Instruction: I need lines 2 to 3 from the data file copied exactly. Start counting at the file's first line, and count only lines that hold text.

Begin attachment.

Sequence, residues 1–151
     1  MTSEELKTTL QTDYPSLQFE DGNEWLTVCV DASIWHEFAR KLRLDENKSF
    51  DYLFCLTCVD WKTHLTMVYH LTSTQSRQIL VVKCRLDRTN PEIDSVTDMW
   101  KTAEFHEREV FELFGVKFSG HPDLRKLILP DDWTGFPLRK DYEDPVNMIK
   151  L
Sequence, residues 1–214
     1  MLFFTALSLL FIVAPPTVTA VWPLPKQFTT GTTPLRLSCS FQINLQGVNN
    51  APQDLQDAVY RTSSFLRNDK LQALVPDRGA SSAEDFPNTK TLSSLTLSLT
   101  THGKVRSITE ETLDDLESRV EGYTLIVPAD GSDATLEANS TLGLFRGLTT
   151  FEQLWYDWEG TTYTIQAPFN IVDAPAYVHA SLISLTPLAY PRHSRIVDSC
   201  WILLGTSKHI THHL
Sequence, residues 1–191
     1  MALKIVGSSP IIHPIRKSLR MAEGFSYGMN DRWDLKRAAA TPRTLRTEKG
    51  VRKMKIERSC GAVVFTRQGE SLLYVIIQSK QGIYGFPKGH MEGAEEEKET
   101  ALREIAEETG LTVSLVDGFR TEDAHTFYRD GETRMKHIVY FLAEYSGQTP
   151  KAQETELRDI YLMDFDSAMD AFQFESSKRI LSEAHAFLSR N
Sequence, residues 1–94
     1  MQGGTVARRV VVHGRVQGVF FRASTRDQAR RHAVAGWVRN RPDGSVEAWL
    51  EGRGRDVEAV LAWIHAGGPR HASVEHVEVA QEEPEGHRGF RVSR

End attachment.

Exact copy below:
     1  MTSEELKTTL QTDYPSLQFE DGNEWLTVCV DASIWHEFAR KLRLDENKSF
    51  DYLFCLTCVD WKTHLTMVYH LTSTQSRQIL VVKCRLDRTN PEIDSVTDMW